Sunday, April 18, 2010

Tourism Must Be A Steward of Place

While tourism is possibly the highest form of economic development or adding value to a local economy, it has an even more significant role.

A community Destination Marketing Organization must not only spearhead visitor centric economic and cultural development but it must also be the steward of place and place-based assets, cultural, built and natural, so integral to a community’s identity.

While a Destination Marketing Organization (DMO) must focus on marketing to drive visitation to make a community’s assets sustainable, a key DMO role is around stimulating and convening discussions and planning in a community that will help residents, neighborhoods and local governments work with the private sector to enhance what they love about their community.


This involves convening forums like Durham, North Carolina’s Annual Tribute Luncheon to focus attention and discussion on the ingredients of place (cultural, built, natural) and how they can be integrated to create and sustain distinctive, dynamic and prosperous communities.

This was relatively new to me when in March 2006 I attended the first-ever “civic tourism” conference hosted by the founder Dr. Dan Schilling.  I’ve probably attended hundreds of local, state and national conferences in my career but none has been as immediately thought-provoking as that one.

It is there I heard Dr. Scott Russell Sanders read from his extraordinary essay, "The Geography of Somewhere.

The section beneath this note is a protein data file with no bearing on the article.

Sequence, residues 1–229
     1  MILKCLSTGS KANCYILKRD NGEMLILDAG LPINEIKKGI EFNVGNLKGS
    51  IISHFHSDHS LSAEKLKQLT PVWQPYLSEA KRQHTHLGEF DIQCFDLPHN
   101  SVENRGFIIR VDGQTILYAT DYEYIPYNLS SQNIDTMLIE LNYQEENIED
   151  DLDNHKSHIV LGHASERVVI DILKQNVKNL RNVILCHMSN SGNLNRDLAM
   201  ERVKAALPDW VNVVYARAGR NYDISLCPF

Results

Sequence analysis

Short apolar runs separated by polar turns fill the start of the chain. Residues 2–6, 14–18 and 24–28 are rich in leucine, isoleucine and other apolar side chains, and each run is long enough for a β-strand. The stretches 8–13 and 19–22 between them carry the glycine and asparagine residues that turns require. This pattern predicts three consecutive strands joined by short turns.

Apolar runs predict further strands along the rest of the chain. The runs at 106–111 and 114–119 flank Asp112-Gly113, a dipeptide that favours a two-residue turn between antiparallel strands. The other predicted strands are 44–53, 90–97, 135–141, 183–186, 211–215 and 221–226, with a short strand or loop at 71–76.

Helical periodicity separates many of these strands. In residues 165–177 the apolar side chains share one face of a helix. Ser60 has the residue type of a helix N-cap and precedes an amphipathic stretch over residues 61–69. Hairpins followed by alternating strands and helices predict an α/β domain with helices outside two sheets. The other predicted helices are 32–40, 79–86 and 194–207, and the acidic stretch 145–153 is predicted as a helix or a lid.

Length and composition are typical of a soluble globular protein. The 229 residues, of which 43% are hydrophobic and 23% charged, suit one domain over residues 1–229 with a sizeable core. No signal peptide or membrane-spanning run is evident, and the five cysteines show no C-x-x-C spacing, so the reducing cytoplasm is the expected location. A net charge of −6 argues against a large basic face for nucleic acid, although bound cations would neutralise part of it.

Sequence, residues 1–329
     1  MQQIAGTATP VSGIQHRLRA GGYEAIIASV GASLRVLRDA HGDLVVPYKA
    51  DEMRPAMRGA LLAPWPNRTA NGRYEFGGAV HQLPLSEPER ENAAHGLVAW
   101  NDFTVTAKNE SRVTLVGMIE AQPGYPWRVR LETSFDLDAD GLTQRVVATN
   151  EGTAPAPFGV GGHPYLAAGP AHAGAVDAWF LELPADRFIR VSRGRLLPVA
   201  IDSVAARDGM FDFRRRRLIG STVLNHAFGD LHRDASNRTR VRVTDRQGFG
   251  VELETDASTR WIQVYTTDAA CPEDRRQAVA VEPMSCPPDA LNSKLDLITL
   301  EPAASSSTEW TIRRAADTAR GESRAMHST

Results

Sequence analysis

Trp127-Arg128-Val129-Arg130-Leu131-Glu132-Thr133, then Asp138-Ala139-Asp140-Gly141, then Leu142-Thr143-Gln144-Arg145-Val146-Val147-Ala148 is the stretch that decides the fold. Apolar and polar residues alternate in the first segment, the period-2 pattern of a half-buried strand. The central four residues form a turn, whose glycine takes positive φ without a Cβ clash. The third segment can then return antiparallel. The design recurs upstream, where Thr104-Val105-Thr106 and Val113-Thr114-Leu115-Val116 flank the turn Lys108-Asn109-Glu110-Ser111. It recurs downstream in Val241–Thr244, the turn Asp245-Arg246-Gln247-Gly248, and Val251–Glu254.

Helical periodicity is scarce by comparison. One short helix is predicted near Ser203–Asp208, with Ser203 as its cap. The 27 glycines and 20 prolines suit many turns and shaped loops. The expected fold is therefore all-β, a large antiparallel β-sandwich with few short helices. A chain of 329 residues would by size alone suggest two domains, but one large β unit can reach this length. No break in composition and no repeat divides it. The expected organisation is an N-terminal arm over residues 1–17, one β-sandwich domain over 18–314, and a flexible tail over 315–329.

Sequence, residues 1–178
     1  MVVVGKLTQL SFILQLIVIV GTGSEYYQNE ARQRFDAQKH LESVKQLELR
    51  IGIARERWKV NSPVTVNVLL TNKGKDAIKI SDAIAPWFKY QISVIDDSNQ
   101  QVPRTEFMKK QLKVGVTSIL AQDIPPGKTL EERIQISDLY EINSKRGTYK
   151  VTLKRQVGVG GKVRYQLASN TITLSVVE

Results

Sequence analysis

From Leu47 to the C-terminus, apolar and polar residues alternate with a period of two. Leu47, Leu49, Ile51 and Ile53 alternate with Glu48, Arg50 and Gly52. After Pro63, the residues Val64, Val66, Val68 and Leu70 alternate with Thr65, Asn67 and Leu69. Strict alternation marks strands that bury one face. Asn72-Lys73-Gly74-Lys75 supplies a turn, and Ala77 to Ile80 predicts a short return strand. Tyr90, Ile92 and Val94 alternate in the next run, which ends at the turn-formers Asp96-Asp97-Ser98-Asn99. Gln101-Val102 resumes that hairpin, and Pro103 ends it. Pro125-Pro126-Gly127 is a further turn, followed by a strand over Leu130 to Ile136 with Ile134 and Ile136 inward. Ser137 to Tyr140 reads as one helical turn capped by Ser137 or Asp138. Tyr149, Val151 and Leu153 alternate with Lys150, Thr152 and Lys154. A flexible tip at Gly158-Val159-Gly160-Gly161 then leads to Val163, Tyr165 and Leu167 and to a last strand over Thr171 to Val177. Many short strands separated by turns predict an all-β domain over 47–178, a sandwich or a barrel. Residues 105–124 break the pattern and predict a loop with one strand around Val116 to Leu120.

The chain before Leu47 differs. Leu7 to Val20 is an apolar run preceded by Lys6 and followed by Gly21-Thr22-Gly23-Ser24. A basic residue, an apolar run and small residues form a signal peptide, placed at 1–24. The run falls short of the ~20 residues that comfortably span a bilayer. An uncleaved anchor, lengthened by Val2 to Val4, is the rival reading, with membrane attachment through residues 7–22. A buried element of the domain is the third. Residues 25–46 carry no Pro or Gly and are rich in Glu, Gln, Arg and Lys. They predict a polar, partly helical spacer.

The two subsequent conferences (the third is in Fort Collins CO August 11-14, 2010) have drifted away from the concept and more toward mobile labs, I’m sure as a bow to “left brainers” (97% of right handed people) who become frustrated with concepts and the originality often required to make each community distinct.

Labs can be good as long as people aren’t too literal and try to copy-cat.  It typically isn’t hard to get communities to invest in tourism-related product.  But it is very hard to avoid becoming like everywhere else and to use a description coined by Louise Stevens, look like they went shopping for cultural or sports one day and came back with one of everything.

A DMO’s challenge is to junk any notion of keeping up with the “Joneses” and to focus instead on each communities unique, inherent assets and how they can be integrated and leveraged to sustain the reasons people live in and love their community.  The reasons vary by community, but the key word is “distinctive.”

I encourage every DMO to attend.  I also encourage Dr. Richard Florida, of whom I am definitely an advocate, to attend.  He’s come a long way since dissing tourism in his first book and will find “civic tourism” right on target with his book Who's Your City?: How the Creative Economy Is Making Where to Live the Most Important Decision of Your Life.

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